Good morning, Quartz readers!
What to watch for today
Cyprus continues to dominate the headlines. Cyprus’s parliament will vote this afternoon on the controversial proposal to impose levies on every bank account to help bail out the country’s banks, though smaller depositors may be exempt. A former governor of the central bank warned that if parliament rejects the bill, “Cyprus will turn into Libya.” The banks will remain closed until Thursday to prevent what might otherwise be a massive bank run.
Is America building yet? Data on new construction in the US (housing starts) will be released—last month saw a drop of 8.5%.
A boost to British housing. Prime minister David Cameron and his deputy, Nick Clegg, will announce a set of measures today—a day before the budget—to get Britons building and buying houses again. The incentives include supporting new buyers, shared equity programs and, possibly, very large mortgages.
A result in Zimbabwe’s referendum. Results of a referendum to adopt a new constitution in Zimbabwe, which will open the door for a challenger to take Robert Mugabe’s place as president, will be announced today.
While you were sleeping
A smartwatch in the works at Samsung? Reuters reports the Korean electronics giant is working on a wristwatch-like device with many of the features of a smartphone. Apple is also reportedly creating a similar gadget.
Signs of optimism in China. Foreign direct investment to China climbed to $8.21 billion in February, up 6.3% from last year. This is the first time in nine months that numbers have gone up, suggesting renewed faith in China’s growth.
Fresh allegations against HSBC. A few short months after paying a $1.9 billion fine to US authorities for money laundering, the bank now faces allegations from Argentina, which says it allowed money laundering of some $44 million and helped tax evaders hide another $77 million.
India’s central bank leapt into action. After the weakest economic growth in a decade, the Reserve Bank of India cut rates by 25 basis points, as expected.
Syria’s first prime-minister-in-exile is… American. Ghassan Hitto, a naturalized US citizen, was elected prime minister by opposition parties who met in Beirut. Hitto and his government hope to emerge as an alternative if Bashar Assad falls. Meanwhile, New York might get its first Asian-American mayor after John Liu—named for John F. Kennedy—threw his hat into the ring.
First they came for the bankers… Yesterday’s revelation of an EU proposal to cap fund managers’ bonuses has triggered fears that a regulation-happy EU, having also just imposed caps on bankers, could push for much wider executive pay limits. The European Parliament votes on the proposal on Thursday. Over in America, eBay CEO John Donahoe saw an 80% jump in pay to $29.7 million, largely in the form of stock.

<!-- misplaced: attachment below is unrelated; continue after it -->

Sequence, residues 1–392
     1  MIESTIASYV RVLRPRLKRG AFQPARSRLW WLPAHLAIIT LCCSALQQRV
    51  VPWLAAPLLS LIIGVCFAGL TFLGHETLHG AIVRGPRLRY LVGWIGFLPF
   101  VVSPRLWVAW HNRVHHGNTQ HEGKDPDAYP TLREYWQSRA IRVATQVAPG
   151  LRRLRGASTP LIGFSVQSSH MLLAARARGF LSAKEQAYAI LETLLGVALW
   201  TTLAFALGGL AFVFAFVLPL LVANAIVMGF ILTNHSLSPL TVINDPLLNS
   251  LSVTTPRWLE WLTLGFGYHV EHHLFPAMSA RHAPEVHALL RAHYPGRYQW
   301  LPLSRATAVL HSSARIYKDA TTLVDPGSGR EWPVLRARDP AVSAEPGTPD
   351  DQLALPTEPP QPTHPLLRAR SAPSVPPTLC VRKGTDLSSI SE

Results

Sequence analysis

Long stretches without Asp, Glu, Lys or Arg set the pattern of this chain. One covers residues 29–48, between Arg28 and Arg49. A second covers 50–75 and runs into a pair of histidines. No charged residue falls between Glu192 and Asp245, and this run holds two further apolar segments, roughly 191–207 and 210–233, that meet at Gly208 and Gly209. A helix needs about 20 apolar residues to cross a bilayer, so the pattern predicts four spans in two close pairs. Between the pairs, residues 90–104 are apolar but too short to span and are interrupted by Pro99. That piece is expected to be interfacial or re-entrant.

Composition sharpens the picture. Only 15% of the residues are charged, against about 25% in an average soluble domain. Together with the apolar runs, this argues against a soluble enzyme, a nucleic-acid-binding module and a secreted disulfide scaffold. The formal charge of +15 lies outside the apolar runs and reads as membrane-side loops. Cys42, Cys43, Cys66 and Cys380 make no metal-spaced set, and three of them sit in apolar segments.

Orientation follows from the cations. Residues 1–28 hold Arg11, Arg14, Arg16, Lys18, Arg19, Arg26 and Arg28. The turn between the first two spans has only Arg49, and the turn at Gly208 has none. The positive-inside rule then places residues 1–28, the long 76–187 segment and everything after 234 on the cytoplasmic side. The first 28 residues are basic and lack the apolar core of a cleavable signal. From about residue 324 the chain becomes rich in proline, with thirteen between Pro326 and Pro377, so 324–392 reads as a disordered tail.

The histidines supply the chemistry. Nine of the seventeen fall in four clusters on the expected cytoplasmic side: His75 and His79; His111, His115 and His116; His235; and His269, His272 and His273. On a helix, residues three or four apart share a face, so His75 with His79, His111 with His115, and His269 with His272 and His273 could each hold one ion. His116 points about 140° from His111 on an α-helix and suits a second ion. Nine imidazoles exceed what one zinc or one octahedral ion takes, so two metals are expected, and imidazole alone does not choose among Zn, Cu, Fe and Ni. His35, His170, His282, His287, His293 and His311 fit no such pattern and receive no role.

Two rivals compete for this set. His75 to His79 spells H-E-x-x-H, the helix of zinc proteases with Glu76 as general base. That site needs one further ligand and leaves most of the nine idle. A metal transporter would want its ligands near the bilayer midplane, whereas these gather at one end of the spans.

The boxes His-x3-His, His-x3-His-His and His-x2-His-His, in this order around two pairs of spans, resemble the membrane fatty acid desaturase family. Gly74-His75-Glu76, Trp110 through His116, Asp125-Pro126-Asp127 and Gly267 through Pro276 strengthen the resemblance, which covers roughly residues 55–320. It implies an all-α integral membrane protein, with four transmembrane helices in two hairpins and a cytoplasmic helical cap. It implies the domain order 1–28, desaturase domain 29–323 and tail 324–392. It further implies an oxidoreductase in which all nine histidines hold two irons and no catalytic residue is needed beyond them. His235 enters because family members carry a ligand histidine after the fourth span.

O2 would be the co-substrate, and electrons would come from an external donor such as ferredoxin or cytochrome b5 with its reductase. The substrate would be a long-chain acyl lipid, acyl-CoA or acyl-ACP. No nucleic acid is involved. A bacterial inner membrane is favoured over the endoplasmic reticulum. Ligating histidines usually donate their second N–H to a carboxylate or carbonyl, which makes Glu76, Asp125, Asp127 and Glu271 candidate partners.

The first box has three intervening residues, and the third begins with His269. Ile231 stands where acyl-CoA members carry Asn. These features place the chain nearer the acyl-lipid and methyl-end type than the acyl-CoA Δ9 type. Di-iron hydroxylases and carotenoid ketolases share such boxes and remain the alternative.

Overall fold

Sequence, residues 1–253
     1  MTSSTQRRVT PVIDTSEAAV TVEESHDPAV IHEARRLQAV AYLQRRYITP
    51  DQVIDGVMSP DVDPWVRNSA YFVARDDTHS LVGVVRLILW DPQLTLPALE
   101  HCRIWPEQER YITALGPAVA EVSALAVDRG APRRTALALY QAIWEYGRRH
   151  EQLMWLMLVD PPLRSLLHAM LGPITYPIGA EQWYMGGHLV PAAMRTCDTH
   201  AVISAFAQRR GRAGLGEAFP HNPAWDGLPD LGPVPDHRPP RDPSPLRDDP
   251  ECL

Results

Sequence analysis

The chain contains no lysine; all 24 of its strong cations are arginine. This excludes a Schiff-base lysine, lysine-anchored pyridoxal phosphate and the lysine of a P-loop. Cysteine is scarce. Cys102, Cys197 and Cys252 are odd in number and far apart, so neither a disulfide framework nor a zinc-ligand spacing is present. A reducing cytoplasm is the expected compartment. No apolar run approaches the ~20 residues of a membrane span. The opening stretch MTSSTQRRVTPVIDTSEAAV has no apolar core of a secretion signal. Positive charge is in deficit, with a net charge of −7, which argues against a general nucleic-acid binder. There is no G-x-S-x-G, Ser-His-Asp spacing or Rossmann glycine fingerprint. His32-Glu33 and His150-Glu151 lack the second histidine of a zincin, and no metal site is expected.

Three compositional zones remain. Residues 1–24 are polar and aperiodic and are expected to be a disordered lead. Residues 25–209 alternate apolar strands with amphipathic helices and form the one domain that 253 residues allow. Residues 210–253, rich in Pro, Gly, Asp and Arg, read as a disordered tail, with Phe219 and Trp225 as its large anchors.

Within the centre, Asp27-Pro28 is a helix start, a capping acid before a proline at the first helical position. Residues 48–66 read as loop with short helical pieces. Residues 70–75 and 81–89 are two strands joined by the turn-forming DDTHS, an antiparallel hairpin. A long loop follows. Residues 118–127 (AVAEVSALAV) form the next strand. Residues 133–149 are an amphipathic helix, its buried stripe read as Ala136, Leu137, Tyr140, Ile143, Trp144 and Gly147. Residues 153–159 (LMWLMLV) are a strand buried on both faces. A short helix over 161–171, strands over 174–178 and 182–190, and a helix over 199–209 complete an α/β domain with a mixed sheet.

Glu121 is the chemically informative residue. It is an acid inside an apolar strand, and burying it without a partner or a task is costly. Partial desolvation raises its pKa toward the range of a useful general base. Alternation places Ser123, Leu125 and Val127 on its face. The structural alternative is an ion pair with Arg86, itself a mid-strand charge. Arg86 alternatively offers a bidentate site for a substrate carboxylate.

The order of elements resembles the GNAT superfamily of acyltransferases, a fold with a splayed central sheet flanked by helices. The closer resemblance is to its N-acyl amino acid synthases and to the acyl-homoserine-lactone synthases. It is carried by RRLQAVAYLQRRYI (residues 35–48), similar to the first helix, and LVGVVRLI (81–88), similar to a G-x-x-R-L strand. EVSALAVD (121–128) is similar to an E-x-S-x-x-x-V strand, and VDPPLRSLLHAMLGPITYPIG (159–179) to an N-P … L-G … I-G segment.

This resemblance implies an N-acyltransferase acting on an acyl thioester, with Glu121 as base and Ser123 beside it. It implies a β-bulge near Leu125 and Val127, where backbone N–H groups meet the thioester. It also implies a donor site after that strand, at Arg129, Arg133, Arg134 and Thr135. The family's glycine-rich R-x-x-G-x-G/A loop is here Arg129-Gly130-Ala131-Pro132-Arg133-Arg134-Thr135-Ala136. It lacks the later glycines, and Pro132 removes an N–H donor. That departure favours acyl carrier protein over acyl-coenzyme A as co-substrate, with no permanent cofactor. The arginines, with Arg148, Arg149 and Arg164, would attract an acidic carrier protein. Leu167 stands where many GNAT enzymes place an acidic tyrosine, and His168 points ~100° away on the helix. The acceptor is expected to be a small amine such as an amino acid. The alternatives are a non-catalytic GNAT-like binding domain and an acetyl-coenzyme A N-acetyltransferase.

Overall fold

Quartz obsession interlude
Gina Chon on how bankers will deal with pay cuts: Get a more normal life. ”A managing director at one bank said he’ll use the pay cuts as an excuse to work less and spend more time with his family. He traveled more than 310 days last year, which paid off in business, and his bank was on a lot of deals in his sector. But because of problems with other parts of the bank, his compensation was still cut, so now he questions whether it’s worth it. “We’re not getting rewarded for the work we do,” he said. “Instead, we’re actually being punished. So what’s the point in killing myself for my job?”” Read more here.
Matters of debate
Now is the time to buy US stocks. One-time bear Meredith Whitney declares herself the most bullish she has ever been in her career.
Is de-extinction a good idea? When we wipe out species, we’re only human, but when we try to revive them, are we playing God?
Even German austerity hawks think the Cyprus bailout was a mistake.Bankruptcy is one thing, but taking money from grandmothers doesn’t satisfy even the staunchest critics of bailouts.
The Middle East has had a lost decade. And it’s mostly America’s fault.
The new way to commute in Rio de Janeiro. Just plummet between the buildings.
The ideal praise-to-criticism ratio. For best results from both your colleagues and your spouse, compliment them about five times as often as you tell them off.
Fairness is in our genes. Monkeys reject food from humans who behave selfishly, suggesting the desire to ostracize cheaters goes back millions of years.